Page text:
This past week, I took a trip to Iran by myself using my New Zealand passport, spending 2.5 days in Esfahan, 2.5 days in Shiraz, and 2 days in Tehran.

So. How was Iran?

More than a few times in this past week, I’ve told people that just because two countries’ governments can’t get along doesn’t mean that their people can’t be friends. I befriended a Russian while walking to an Iranian mosque, spoke Spanish with an Iranian-Ecuadoran when we got lost, and explained agnosticism to an Iranian Shi’a Muslim all in the span of an hour. And the world didn’t end.

We’re all human. We’re all people.

And honestly, I saw more generosity and friendship expressed during one week in Iran than I did in three summers of working national parks, where every person only cares about their vacation being the best possible.

Iranians love foreigners, and especially Americans. They’re so excited to hear about life elsewhere, but at the same time they have a furious pride to them–they were delighted to hear that I loved their country, and thanked me profusely when I told them that I thought their people were sweet and generous–a fact.  I learned very little about Iranian politics this past week. I learned less than I presumed I would about Iranian culture, also, mainly because I spent a lot of time answering questions about myself. I kept my tongue to myself and only had political discussions only with a couple of younger people.

I’m already missing having tea ten times a day (well, at least three…) with saffron infused rock candy added for sweetness and a dose of good conversation. I think that Americans can learn a lot from Iranian culture and sharing. I paid for tea once, when with other foreigners; every other time, someone was buying it for me in exchange for nothing but my company.

Of all places in Iran, I probably had three favourites. I loved Nasqh-e Rostam for its history and for its beauty, but Imam Square in Esfahan stood out because of its beauty and, more importantly, because of how no matter what time of day, there were always people hanging out, having picnics, talking and greeting each other, and generally just relaxing. Similarly, the Mausoleum of Shah-e Cheragh in Shiraz, open 24 hours, stood out to me as being a place of community, a mosque with people of all ages doing everything from praying to playing tag.

I preferred Esfahan and Shiraz to Tehran, which felt more busy and less homey–there wasn’t as much distinguishing it from any other city in the world. Esfahan was my favourite place and I could very easily envision life there–it really is half of the world. But I loved how in all the cities there were playgrounds everywhere and green spaces in the middle of streets or city blocks. At night, there were fairy lights all over, especially on the fountains in the middle of almost every roundabout. The cities are naturally beautiful, but Iranians take pride in them and take them to the next level.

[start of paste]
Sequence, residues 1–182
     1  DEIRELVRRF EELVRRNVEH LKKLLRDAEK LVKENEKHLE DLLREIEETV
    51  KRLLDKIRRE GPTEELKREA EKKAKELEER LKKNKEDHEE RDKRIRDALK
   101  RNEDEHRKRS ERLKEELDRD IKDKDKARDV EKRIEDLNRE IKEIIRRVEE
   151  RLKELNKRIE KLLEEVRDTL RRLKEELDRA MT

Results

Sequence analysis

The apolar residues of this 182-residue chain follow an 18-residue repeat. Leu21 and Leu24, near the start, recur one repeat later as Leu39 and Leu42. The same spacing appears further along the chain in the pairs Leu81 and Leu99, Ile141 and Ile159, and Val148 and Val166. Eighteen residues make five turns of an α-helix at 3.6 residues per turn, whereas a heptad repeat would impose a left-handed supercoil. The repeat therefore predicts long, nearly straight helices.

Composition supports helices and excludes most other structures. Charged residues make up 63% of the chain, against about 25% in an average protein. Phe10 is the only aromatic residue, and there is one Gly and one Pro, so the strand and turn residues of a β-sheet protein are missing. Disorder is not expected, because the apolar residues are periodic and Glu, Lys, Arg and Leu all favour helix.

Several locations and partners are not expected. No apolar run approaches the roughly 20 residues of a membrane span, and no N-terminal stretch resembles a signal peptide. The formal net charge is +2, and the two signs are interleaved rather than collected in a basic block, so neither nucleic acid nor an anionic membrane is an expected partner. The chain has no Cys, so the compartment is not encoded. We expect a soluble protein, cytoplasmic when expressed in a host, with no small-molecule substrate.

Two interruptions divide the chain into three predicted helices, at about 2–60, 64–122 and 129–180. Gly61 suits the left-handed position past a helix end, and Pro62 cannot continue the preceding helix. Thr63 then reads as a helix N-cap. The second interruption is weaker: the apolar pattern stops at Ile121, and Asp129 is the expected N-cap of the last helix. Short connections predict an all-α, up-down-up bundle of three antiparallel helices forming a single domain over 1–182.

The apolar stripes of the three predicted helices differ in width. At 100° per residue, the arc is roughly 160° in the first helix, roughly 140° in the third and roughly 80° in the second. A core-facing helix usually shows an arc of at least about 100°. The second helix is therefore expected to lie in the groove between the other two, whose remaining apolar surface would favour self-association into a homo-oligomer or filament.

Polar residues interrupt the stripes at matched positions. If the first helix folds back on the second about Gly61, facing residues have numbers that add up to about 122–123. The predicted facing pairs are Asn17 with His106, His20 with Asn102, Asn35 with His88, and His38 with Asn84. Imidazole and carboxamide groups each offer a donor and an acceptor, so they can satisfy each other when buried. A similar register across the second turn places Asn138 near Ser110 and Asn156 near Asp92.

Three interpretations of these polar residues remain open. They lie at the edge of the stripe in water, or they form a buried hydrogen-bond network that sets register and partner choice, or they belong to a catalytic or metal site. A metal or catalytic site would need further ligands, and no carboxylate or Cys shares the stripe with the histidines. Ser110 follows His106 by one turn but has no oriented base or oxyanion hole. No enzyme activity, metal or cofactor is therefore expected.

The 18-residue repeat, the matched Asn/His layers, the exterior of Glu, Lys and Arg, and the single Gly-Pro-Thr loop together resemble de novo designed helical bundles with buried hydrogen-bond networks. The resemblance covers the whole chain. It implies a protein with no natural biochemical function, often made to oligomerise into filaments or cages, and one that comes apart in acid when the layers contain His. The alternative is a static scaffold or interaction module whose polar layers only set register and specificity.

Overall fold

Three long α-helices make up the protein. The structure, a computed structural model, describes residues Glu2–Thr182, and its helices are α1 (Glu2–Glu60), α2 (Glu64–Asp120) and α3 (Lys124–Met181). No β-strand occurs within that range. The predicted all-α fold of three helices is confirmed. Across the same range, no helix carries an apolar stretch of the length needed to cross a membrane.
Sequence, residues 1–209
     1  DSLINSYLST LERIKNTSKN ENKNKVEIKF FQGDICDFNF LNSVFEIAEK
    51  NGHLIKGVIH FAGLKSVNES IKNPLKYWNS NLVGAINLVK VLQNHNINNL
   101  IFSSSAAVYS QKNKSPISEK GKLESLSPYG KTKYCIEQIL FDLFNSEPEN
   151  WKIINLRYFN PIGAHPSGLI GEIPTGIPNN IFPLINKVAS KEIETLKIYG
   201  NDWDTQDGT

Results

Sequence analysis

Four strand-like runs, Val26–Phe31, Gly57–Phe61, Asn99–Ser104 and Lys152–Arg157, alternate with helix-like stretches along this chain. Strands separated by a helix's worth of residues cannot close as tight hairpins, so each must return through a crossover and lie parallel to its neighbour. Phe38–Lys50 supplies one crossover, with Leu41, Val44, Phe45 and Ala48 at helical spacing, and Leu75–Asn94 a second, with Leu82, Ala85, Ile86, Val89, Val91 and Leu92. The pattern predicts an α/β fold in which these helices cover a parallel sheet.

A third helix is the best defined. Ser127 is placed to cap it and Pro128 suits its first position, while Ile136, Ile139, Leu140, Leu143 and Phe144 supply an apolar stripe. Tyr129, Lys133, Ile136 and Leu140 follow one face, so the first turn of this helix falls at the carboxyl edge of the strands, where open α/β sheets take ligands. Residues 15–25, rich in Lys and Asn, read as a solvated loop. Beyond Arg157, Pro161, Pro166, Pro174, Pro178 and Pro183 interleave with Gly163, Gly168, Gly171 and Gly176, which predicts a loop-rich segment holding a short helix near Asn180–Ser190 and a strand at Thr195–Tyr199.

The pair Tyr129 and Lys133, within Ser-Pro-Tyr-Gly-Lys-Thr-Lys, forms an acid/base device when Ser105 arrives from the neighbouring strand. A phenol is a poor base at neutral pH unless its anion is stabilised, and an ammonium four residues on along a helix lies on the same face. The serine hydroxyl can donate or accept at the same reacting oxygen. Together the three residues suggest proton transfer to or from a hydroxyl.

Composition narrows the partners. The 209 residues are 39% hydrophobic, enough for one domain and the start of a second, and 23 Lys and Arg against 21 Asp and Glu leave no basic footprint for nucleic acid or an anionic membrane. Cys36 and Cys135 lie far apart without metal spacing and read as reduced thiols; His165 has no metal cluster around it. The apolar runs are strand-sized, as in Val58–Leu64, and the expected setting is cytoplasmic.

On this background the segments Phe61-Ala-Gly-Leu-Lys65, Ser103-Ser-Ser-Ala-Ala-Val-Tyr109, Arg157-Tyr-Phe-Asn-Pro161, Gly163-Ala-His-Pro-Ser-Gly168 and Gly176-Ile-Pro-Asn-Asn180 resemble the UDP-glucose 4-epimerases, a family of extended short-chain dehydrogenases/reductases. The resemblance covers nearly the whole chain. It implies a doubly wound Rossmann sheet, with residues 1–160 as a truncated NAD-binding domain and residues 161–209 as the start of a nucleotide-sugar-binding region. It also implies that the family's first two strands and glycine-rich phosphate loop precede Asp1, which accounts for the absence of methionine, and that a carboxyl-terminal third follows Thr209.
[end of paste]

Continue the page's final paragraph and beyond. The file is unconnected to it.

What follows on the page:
I loved the fresh fruit and vegetables that were available on every street and the nun freshly baked and sitting on the curb eating fresh food. I loved the strange soup and the delicious falafel I had from small shops on the street. I loved the fresh juices and the ice cream made with real fruit.

In a few years, I can see more and more people travelling to Iran. As it stands now, it’s so authentic. It feels real. Having lived in San Francisco, in Dubai, and having worked in national parks with tourons (tourist-morons) everywhere, I can kind of sense the difference between what’s authentic and what’s put on to attract rich tourists. Yeah, a lot of historical buildings are overpriced and definitely geared towards tourists, but for the most part, Iran is authentic. It’s a home for many people, and it’s not a place to get transient people to spend money. I haven’t found that type of authenticity anywhere else I’ve been. Iran, so far away (had to slip that in)–physically and in culture–from the Western world. And yet there wasn’t a time that I didn’t feel completely safe, even wandering the streets alone, even as a female, even as a US citizen.

While I want everyone to be more openminded in regards to all people, I can’t help but want Iran to stay a secret and to stay as it is. I almost don’t want them to lift their visa requirements on US and UK citizens. I want to be able to return in ten years and find it the same way. (Well, maybe with ATMs that take Visa cards, but.) Getting a visa was as easy as filling out a form and flashing my Kiwi passport.

But I do really hope that people can stop basing judgments of people on portrayals of their governments in the media–especially countries where democracy isn’t quite as democratic as in other countries. Americans are fully responsible for the election of their politicians, yet they don’t hold themselves individually responsible for each choice made by those people. So they shouldn’t fear Iranians just because their government has views on the nuclear deal that aren’t in line with American interests.

It’s kind of a given fact that I tear up upon flying pretty much anywhere, but I was particularly sad to be leaving Iran and especially its people. I’m not ready to wear a headscarf forever and to live under a Supreme Leader, but I’m definitely more in love with Iran than I was before I left.

Milad Tower, Tehran.